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Year : 2014  |  Volume : 59  |  Issue : 3  |  Page : 318
Linear porokeratosis: An unusual presentation


Department of Dermatology, Dr. Panjabrao Deshmukh Memorial Medical College, Amravati, Maharashtra, India

Date of Web Publication28-Apr-2014

Correspondence Address:
Pallavi C Pawar
Department of Dermatology, Dr. Panjabrao Deshmukh Memorial Medical College, Amravati, Maharashtra
India
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Source of Support: None, Conflict of Interest: None


DOI: 10.4103/0019-5154.131479

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How to cite this article:
Agrawal SN, Pawar PC, Dhillan PV. Linear porokeratosis: An unusual presentation. Indian J Dermatol 2014;59:318

How to cite this URL:
Agrawal SN, Pawar PC, Dhillan PV. Linear porokeratosis: An unusual presentation. Indian J Dermatol [serial online] 2014 [cited 2019 Aug 24];59:318. Available from: http://www.e-ijd.org/text.asp?2014/59/3/318/131479


Sir,

Linear porokeratosis is listed as a rare disease by the Office of Rare Diseases (ORD) of the National Institutes of Health, which means that affects fewer than 20000 people in the US. In India also, very few cases of linear porokeratosis have been reported. [1]

Linear porokeratosis is a disorder that is characterized clinically by sharply demarcated hyperkeratotic annular lesions with distinct keratotic edges corresponding histologically to the presence of cornoid lamella. Of the five types, linear porokeratosis is the rarest. The unilateral linear form resembles linear verrucous epidermal nevus. It has an autosomal dominant mode of inheritance and affects men twice as often as women. [2]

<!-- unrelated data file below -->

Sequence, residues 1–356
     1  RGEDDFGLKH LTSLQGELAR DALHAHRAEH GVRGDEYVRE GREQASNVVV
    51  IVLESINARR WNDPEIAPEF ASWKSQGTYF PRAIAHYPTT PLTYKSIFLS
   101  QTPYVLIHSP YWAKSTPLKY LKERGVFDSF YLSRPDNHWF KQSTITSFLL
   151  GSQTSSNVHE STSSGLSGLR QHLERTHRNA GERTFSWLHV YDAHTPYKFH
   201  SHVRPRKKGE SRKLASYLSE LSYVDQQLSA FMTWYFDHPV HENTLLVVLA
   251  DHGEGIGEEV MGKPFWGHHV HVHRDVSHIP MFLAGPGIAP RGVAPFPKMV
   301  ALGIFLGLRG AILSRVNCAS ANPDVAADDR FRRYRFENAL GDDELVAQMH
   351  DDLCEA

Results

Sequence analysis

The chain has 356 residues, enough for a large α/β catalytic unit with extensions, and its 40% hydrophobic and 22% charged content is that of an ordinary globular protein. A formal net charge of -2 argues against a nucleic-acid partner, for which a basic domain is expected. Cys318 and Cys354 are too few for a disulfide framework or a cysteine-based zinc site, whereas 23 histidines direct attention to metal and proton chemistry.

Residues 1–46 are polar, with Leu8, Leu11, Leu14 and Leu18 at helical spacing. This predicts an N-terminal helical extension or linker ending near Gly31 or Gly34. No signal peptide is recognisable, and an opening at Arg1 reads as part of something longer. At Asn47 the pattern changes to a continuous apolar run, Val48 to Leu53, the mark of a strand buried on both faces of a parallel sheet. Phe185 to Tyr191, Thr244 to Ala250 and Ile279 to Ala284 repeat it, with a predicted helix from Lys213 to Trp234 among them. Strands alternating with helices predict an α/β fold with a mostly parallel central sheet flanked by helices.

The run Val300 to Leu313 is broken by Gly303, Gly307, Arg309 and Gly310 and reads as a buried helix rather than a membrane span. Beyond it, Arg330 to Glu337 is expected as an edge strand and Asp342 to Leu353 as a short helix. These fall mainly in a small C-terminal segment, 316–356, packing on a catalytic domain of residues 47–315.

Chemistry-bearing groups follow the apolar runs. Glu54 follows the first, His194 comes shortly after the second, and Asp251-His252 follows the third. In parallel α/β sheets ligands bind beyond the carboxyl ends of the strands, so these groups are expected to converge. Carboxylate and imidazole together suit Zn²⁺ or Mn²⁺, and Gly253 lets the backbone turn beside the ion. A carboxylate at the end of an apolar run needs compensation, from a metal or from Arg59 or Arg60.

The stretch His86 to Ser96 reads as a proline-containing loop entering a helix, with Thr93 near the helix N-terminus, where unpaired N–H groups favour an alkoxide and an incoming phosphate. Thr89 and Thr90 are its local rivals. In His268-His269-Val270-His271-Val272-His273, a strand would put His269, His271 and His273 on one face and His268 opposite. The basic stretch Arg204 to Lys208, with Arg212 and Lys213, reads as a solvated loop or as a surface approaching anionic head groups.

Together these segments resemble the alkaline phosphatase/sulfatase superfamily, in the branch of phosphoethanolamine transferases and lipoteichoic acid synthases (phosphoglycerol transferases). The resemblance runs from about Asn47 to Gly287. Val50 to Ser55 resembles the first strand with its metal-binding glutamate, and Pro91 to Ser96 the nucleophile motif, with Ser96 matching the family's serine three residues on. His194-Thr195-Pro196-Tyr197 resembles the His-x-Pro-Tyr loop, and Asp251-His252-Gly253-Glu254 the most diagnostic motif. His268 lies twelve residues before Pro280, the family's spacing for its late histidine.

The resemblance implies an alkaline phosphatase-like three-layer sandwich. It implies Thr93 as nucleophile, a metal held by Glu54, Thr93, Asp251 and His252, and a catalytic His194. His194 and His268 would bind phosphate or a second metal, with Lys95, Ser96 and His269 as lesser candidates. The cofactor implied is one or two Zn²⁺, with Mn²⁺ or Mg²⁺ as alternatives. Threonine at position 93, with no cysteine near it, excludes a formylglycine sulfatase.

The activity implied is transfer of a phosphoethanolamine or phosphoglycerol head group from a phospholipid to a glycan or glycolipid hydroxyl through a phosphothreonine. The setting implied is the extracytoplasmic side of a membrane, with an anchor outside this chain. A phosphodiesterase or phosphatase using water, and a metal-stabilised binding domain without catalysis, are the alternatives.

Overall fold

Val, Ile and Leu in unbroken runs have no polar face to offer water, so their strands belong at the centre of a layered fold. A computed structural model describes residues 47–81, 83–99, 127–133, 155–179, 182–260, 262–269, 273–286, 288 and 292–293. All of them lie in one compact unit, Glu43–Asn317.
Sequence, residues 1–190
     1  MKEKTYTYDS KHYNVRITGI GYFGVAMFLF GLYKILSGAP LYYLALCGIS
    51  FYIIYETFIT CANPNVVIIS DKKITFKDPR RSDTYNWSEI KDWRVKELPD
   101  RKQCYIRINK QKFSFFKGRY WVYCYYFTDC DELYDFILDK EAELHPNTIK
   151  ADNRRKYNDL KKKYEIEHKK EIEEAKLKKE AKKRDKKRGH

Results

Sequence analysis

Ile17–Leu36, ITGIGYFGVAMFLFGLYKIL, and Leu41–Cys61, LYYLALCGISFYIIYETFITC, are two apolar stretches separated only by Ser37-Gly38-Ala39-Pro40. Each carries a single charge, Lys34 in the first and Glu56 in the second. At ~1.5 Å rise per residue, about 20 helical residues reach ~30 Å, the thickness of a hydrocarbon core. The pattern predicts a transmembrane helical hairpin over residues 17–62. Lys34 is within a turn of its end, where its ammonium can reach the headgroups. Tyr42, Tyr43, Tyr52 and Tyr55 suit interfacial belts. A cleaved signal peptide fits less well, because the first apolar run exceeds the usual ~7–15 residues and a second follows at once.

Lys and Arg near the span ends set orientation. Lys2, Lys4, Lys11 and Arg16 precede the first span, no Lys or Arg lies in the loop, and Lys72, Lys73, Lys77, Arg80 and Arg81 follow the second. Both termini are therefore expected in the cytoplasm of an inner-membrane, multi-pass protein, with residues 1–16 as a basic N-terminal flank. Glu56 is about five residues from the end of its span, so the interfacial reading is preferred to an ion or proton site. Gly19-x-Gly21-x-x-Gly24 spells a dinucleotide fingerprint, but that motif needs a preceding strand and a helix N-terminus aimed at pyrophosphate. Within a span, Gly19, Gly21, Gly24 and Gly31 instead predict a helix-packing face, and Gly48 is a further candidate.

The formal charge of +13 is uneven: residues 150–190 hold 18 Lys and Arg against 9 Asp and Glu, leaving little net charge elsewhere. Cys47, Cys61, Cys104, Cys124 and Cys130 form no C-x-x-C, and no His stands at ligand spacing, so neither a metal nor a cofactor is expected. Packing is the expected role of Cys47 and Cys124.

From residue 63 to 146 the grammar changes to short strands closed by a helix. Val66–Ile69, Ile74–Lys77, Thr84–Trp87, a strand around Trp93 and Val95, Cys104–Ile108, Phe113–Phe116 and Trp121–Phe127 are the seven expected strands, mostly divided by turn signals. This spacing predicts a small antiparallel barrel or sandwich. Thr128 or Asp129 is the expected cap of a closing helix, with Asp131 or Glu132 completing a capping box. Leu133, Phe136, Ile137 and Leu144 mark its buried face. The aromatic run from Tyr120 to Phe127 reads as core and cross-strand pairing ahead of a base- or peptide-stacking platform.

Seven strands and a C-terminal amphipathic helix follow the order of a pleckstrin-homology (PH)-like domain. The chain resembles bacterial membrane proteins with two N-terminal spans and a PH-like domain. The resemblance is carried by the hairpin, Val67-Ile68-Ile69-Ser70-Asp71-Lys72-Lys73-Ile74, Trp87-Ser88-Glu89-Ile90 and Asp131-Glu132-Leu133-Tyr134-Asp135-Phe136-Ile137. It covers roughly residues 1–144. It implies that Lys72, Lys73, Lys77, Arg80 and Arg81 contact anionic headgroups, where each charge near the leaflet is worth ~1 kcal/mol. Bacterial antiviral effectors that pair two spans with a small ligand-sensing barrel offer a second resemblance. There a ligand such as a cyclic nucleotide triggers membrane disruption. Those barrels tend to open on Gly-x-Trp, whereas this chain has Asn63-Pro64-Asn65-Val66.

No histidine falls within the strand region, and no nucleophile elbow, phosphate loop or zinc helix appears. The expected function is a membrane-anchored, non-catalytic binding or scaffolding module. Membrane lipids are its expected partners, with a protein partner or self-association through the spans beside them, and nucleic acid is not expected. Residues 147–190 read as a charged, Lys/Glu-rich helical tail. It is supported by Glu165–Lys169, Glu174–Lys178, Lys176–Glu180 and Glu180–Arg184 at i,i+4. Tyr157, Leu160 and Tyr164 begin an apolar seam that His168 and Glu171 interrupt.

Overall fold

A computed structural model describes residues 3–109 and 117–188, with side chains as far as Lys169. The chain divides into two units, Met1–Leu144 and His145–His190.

We present a 12-year-old female with asymptomatic, nonpruritic, hyperpigmented annular plaques in a linear and grouped array over the entire length of her right lower limb along the line of Blaschko. One lesion measured 25 × 2 inches, extending from the lateral malleolus to the mid-thigh on the right lower limb; there were a few discrete lesions present on the gluteal region also [Figure 1] and [Figure 2].
Figure 1: Asymptomatic linear porokeratotic lesion measuring approximately 25 × 2 inches over the right lower limb

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Figure 2: Grouped annular lesion with broad base over the right mid-thigh

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No other area was involved. There were no hair or nail changes. Systemic examination is normal. There was no history of consanguinity, and there was no family history of any similar disease.

The lesion, which initially started as grouped annular plaques over the lateral side of the right ankle in childhood, gradually extended upwards in linear fashion up to the mid-thigh, with some lesions also occurring in the gluteal region.

Histological examination of biopsy from the edge of the hyperkeratotic annular lesion showed parakeratotic column of cells (cornoid lamella) traversing the stratum corneum and a thin granular epidermis [Figure 3] and [Figure 4].
Figure 3: Porokeratosis: parakeratotic column of cells (coronoid lamella) (hematoxylin and eosin; 10×)

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Figure 4: Porokeratosis: parakeratotic column of cells (coronoid lamella) with markedly attenuated granular layer hematoxylin and eosin; 45×)

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This case is reported for its rarity as well as the unusual presentation; the lesion had broad base and there was involvement of nearly the entire limb. This is the longest linear porokerototic lesion to be reported to date.

 
   References Top

1.Malhotra SK. Linear porokeratosis. Dermatology Online Journal 2007;13:15.  Back to cited text no. 1
    
2.Bolognia JL, Jorizzo JL, Rapini RP. Dermatology 2008;2:1708-09.  Back to cited text no. 2
    


    Figures

  [Figure 1], [Figure 2], [Figure 3], [Figure 4]



 

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